What we reported
Last March, Community Impact Newspaper announced the city of Richmond’s decision to invest in alternative water sources that resulted in the construction of a new $18 million state-of-the-art water surface treatment plant. The decision to build the plant was in response to the Fort Bend County Subsidence District’s mandate to reduce groundwater consumption by 60 percent by 2025 in an effort to combat subsidence issues in the area. Subsidence is the gradual sinking of land, particularly as a result of pumping water from underground sources.
Construction broke ground on the new plant at 5600 Riverwood Drive in April. Richmond issued bonds in 2015 to cover the cost of the facility, and now residents are in the process of paying those bonds back through a $2.20 surface water treatment fee. The new facility will be capable of producing 2 million gallons per day once it is fully operational.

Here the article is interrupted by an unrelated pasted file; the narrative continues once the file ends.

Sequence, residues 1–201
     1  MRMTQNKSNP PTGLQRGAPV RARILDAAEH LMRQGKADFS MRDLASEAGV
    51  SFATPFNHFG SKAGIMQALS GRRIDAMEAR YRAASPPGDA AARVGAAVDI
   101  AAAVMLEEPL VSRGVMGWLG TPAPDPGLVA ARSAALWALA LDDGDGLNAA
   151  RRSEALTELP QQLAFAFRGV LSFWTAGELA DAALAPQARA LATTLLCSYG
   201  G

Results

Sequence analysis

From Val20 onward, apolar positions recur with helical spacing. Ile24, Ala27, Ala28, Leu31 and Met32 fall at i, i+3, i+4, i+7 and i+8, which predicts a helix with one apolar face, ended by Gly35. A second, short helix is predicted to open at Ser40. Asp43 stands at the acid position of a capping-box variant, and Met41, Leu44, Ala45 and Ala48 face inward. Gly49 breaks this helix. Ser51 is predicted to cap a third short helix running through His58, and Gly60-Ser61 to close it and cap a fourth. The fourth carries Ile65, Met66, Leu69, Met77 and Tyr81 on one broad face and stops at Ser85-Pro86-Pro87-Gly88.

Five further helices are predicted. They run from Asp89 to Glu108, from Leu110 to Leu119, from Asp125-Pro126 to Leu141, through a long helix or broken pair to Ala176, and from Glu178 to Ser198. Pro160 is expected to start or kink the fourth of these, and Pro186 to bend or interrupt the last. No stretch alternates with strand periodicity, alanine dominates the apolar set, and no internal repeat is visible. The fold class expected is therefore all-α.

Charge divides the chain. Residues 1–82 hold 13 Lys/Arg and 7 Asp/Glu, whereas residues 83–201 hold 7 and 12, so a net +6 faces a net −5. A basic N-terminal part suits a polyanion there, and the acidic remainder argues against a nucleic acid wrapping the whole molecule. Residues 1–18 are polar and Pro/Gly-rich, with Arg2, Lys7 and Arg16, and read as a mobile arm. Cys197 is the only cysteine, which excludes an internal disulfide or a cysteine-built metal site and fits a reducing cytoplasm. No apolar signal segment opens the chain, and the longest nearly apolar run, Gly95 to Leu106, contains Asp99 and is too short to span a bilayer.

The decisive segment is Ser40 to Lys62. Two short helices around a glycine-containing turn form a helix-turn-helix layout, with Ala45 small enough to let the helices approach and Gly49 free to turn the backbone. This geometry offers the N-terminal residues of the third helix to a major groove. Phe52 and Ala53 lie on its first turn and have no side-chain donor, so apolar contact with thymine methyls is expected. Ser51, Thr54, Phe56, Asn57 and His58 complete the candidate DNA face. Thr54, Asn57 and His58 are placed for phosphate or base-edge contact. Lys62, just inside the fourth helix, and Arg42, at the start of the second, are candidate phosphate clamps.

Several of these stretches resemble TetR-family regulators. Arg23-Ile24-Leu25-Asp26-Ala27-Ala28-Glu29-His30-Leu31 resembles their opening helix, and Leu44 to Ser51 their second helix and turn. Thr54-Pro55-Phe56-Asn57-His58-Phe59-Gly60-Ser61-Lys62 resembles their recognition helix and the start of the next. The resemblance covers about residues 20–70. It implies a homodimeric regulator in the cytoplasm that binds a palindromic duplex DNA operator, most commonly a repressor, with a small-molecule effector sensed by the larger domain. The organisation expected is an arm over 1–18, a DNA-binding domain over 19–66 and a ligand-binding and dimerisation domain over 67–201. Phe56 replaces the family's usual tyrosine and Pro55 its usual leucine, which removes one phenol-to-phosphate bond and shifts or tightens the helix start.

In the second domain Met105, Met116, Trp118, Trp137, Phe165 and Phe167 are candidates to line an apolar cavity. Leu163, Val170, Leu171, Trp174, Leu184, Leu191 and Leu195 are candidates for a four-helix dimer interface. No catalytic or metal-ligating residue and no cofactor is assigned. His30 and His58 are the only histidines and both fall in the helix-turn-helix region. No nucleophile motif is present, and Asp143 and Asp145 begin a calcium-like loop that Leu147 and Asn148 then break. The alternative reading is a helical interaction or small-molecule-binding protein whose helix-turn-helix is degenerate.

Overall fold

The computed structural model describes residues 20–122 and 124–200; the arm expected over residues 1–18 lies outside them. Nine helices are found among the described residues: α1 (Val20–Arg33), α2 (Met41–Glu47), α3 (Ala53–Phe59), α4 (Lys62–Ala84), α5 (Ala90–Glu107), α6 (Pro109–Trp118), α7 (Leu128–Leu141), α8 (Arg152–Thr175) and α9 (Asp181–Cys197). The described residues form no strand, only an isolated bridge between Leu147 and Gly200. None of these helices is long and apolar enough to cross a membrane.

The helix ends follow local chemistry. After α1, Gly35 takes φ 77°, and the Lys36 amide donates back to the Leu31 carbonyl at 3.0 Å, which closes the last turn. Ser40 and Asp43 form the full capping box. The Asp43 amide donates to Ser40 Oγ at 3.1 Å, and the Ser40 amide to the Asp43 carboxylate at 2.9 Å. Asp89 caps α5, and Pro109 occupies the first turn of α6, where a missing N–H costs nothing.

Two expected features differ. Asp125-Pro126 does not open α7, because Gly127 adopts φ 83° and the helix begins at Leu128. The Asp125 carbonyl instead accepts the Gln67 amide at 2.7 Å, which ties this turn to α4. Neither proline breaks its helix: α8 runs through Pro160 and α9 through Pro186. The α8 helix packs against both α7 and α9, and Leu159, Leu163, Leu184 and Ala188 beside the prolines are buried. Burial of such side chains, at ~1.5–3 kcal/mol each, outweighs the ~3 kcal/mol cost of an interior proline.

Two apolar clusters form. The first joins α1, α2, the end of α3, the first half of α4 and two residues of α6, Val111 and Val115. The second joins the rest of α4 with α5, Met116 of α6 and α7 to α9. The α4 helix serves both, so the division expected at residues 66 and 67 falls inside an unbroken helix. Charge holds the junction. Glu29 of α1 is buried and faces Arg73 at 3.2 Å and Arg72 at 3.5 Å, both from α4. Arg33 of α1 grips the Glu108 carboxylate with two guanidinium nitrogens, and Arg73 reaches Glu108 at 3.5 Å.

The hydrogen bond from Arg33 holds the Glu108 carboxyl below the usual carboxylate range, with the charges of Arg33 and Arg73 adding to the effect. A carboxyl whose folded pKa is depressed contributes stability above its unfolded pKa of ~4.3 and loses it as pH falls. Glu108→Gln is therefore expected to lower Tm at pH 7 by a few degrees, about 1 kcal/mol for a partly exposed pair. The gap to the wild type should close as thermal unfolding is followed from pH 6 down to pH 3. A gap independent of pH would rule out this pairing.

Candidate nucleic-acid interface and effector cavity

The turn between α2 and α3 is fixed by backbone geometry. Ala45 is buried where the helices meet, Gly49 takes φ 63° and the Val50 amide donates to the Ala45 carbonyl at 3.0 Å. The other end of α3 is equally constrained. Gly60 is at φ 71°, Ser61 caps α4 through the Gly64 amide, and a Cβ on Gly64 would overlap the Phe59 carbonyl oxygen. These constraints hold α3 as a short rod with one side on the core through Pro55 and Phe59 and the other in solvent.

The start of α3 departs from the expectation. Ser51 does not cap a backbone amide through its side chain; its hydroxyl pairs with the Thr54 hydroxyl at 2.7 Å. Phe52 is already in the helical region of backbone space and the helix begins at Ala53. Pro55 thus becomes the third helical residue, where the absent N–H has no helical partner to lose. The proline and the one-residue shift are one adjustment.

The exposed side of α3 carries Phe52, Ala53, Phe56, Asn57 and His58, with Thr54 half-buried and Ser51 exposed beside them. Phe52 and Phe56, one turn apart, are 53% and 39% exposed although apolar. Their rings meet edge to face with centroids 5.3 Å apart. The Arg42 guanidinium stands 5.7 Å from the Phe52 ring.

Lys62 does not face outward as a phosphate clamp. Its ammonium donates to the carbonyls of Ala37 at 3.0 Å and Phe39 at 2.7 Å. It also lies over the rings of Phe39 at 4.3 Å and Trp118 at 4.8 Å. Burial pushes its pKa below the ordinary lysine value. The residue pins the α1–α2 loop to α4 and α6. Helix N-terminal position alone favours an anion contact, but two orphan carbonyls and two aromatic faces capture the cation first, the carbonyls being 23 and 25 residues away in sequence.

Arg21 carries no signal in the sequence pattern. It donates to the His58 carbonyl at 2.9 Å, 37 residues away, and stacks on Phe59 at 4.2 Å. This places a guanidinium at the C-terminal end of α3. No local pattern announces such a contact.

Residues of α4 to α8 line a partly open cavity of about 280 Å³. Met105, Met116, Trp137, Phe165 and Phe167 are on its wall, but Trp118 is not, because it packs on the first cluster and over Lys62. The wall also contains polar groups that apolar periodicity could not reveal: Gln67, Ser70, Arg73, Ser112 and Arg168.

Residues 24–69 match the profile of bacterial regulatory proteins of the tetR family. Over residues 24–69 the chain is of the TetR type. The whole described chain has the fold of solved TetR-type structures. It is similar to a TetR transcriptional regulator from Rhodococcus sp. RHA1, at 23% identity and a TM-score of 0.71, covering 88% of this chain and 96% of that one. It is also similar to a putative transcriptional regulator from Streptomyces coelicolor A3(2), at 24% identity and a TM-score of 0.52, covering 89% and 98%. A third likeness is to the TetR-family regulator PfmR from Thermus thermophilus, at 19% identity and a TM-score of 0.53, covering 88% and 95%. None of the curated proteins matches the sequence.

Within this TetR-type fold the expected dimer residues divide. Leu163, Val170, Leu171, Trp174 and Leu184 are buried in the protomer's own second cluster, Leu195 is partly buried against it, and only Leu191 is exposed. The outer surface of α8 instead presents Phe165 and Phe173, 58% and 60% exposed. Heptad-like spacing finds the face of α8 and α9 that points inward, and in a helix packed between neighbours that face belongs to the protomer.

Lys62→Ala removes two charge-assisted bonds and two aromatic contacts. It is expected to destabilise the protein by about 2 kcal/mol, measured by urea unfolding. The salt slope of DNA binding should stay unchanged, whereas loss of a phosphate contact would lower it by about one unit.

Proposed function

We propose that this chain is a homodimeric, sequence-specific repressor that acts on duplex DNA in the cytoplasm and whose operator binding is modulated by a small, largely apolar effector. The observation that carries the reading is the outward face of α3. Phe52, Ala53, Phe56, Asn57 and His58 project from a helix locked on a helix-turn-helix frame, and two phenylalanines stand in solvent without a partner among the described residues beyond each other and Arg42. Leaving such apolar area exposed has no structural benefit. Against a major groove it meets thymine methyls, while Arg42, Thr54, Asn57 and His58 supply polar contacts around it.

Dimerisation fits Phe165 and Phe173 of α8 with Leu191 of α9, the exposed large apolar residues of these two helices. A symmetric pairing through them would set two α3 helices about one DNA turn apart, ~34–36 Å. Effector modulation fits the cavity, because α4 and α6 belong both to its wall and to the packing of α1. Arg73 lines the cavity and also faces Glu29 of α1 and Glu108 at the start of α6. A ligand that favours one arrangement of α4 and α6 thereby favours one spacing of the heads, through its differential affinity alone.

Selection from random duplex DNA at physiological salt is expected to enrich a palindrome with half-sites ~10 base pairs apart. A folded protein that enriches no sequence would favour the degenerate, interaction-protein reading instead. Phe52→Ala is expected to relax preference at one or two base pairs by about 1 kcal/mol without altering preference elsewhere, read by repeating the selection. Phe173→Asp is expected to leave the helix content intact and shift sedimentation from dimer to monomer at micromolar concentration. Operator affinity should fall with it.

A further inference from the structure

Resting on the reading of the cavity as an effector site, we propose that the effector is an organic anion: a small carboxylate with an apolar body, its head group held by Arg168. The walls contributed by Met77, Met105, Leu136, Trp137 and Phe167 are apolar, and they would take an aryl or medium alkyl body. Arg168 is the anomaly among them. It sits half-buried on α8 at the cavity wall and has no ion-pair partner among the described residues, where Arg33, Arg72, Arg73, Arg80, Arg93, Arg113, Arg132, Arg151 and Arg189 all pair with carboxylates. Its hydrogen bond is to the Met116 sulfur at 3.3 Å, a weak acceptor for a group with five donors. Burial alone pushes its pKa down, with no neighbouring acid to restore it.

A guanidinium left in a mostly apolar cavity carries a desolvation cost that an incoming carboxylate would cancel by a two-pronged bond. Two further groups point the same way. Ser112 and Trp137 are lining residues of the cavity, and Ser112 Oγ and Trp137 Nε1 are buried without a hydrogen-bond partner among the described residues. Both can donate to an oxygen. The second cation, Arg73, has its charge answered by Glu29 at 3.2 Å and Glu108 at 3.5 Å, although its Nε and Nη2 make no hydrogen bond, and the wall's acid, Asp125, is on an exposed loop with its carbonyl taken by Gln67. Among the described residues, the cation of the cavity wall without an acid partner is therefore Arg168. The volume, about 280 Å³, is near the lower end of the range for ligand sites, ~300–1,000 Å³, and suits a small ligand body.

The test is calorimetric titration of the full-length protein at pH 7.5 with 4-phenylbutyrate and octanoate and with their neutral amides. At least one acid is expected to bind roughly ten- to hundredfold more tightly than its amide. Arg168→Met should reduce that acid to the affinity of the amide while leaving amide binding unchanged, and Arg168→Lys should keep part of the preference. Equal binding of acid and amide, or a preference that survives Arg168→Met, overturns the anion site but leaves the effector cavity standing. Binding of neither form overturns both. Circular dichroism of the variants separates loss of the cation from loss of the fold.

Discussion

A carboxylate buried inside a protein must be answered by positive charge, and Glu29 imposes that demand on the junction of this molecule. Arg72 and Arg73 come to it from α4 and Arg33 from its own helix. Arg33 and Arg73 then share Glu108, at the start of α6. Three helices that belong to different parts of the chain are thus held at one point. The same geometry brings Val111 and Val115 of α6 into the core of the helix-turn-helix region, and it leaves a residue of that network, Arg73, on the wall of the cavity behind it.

The city is in the first-year transition period for operation of the plant, according to Public Works Director Howard Christian. Three surface water plant operators have been hired, and any future staff will be outsourced, according to Christian. The city approved a 10-cent hike to the surface water fee in November, which according to Christian was a scheduled fee increase.
Startup operations will begin by mid-January, and by the first of February, Christian said he expects to start sending surface water out to residents. Moving forward, the city will explore additional alternative water sourcing methods in a new master plan. Christian said he does not expect the city to increase the surface water fee again for some time.
This story is one update from The January Issue. View the full list of Top 5 stories to follow in 2018 here.